But yeah there was a colour bar on a significant number of nightclubs in Sheffield. Yep. Even some black-owned nightclubs. I won’t mention any names because these people are still around. But even some black-owned nightclubs in the 80s had more or less a colour bar.

Most of the bouncers on the doors, were African-Caribbean, African and they were told, "You can only let so many black guys here tonight".

So how did this space SADACCA come about? What’s the history of it?

Our parent's generation and some of their children started to form their own social spaces. I think the first space that they had was in Upperthorpe and that was called The Bug House. That was in the 60s, then in the 70s it moved to The Philadelphia Centre just off Infirmary Road. Then moved to the West Indian Centre in Attercliffe.

A tree on a wall made of hand prints

The Bantu Archive

Tadhg Kwasi

From there people, wanted to get somewhere, I think the lease was up. I went there but I wasn’t really involved in the place as much. And when people were talking about needing somewhere more appropriate for their social space, for their safe space, for their sanctuary, some us wanted to be in the city centre but others wanted to be over in Heeley, Nether Edge way.

So the base group split from the West Indian Centre, virtually half came here to SADACCA and half went to the Everyone Centre, which was adjacent to Heeley City Baths.

So in 1985, a decision was made for [some] of us to come to here to this building. But people need to understand that this area called Wicker, it was more of a no-go area. It was an awful place. From those Wicker arches up to the last standing pub now called The Big Gun, there were 12 public houses in this stretch of Wicker. So they all fed the steelworks, and the cutlery firms, and steelmaking firms in this area. That’s how many pubs there were.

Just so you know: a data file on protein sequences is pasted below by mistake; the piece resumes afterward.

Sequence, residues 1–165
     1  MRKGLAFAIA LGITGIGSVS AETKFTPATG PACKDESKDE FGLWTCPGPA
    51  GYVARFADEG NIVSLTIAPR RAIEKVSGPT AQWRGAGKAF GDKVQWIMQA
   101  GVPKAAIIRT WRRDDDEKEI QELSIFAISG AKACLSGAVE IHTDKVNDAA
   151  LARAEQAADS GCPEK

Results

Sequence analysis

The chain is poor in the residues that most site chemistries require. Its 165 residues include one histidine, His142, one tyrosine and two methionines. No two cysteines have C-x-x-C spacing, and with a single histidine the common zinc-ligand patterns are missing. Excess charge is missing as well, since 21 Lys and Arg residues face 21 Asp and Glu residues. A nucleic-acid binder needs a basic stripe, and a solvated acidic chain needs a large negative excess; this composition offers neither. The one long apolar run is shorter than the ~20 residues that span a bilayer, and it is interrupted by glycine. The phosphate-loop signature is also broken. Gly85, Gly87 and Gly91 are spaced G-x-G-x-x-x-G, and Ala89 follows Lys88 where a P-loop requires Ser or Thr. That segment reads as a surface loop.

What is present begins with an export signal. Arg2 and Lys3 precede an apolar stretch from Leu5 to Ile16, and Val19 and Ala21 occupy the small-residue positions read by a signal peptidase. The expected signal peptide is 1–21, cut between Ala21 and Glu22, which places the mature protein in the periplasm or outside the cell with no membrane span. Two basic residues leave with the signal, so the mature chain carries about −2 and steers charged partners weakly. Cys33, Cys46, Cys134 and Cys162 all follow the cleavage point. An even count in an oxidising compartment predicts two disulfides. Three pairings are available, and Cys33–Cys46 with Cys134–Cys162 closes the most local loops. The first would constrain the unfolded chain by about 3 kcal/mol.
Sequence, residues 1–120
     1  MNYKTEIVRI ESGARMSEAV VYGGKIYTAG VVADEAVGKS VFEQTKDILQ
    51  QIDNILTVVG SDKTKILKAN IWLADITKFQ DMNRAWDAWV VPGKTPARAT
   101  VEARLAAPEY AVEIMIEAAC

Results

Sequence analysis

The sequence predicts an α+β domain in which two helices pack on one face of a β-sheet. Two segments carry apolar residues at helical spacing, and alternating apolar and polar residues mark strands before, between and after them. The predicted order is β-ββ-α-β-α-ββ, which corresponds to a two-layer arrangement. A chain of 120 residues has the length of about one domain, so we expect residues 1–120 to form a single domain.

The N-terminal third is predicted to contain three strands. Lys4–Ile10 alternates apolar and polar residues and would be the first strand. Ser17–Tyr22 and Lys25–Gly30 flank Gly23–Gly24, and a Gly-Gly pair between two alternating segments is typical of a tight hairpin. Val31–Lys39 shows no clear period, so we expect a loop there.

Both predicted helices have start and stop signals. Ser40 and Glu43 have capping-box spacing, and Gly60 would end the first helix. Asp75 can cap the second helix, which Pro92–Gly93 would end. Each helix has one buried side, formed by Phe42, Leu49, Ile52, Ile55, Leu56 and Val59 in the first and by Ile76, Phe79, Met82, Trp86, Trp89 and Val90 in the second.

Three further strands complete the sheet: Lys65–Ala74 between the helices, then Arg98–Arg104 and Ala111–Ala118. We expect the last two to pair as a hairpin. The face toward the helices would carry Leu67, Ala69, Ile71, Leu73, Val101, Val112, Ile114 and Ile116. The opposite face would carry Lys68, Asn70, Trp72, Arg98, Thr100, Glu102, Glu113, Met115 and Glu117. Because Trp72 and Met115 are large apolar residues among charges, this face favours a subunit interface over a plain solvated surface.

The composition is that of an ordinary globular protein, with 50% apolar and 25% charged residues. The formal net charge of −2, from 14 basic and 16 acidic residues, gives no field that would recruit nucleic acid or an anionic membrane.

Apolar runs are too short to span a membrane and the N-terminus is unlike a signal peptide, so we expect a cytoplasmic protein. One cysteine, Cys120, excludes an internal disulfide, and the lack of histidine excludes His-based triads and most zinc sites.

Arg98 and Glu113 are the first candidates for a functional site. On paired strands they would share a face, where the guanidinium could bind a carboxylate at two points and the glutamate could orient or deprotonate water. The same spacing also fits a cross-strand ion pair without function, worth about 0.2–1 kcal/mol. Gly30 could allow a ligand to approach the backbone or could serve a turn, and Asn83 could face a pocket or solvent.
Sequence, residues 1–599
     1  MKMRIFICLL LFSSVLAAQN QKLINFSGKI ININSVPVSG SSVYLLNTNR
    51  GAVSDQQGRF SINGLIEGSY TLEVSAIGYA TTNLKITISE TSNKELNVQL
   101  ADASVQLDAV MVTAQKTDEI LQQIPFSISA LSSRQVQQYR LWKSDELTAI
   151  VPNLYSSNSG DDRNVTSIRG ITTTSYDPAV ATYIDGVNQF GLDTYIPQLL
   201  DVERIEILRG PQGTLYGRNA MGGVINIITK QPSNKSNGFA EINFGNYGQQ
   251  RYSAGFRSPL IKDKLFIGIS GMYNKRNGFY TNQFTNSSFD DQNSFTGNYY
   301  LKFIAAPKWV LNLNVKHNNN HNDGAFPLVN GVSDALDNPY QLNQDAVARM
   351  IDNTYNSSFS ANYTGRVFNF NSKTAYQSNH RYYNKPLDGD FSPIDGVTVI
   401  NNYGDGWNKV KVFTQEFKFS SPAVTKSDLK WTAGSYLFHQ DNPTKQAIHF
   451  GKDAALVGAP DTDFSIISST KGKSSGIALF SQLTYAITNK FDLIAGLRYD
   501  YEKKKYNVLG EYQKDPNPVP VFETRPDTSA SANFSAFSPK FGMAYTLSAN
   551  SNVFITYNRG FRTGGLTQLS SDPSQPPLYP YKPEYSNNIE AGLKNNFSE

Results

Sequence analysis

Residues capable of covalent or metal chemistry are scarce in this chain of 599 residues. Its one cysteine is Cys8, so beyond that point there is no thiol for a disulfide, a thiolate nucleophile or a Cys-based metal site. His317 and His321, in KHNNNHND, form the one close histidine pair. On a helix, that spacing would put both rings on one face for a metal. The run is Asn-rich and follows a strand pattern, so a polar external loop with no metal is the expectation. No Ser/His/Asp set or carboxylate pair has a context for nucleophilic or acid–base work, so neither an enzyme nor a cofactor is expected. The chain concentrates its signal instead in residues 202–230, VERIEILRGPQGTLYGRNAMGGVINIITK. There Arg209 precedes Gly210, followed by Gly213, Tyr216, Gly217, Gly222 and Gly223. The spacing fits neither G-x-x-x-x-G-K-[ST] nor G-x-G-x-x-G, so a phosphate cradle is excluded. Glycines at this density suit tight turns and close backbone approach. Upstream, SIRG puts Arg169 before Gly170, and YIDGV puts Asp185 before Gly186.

But during Thatcher's period of deindustrialising, this place became derelict. It was a derelict and dark and risky place to even walk through. It wasn’t something people would frequent like now.

So we were given the opportunity, let’s say tongue in cheek, to move here. And we moved here in 1985, we spent a year doing various renovations, modernising and refitting the indoor space. And we opened our doors to the members and to the public on the 1 April 1986. One of the most famous West-Indian cricketers Clive Lloyd came and did an opening here as a celebrity.

How’d you get involved in it?

In 1986, as a 26 year old, I came here to the Saturday school. That’s how I got involved with SADACCA, I came here because I heard they were doing African history because all the history of Africa in the 80s - and some of it even now - is negative.

It gave me a sense of giving back to the community. To be honest I never had any intention of becoming a board member. Certainly not the chair of the organisation. But the organisation had to go through some massive changes in 2015. I was asked to become chair, I thought about it and I took the role on.

What’s your vision for this space in the next year or two? What do you want readers to know if they want to get involved?

Right now, I’m looking for a group of young Africans to help this city, this community, to take the Bantu Archive to next stage.

If people need to come and ask the question, how can I get involved, they can come over to me and we can have that conversation with anybody who asks the question. But yeah this space is still a fantastic space, it’s one of Sheffield’s most significant landmarks.

by Tadhg Kwasi (he/him)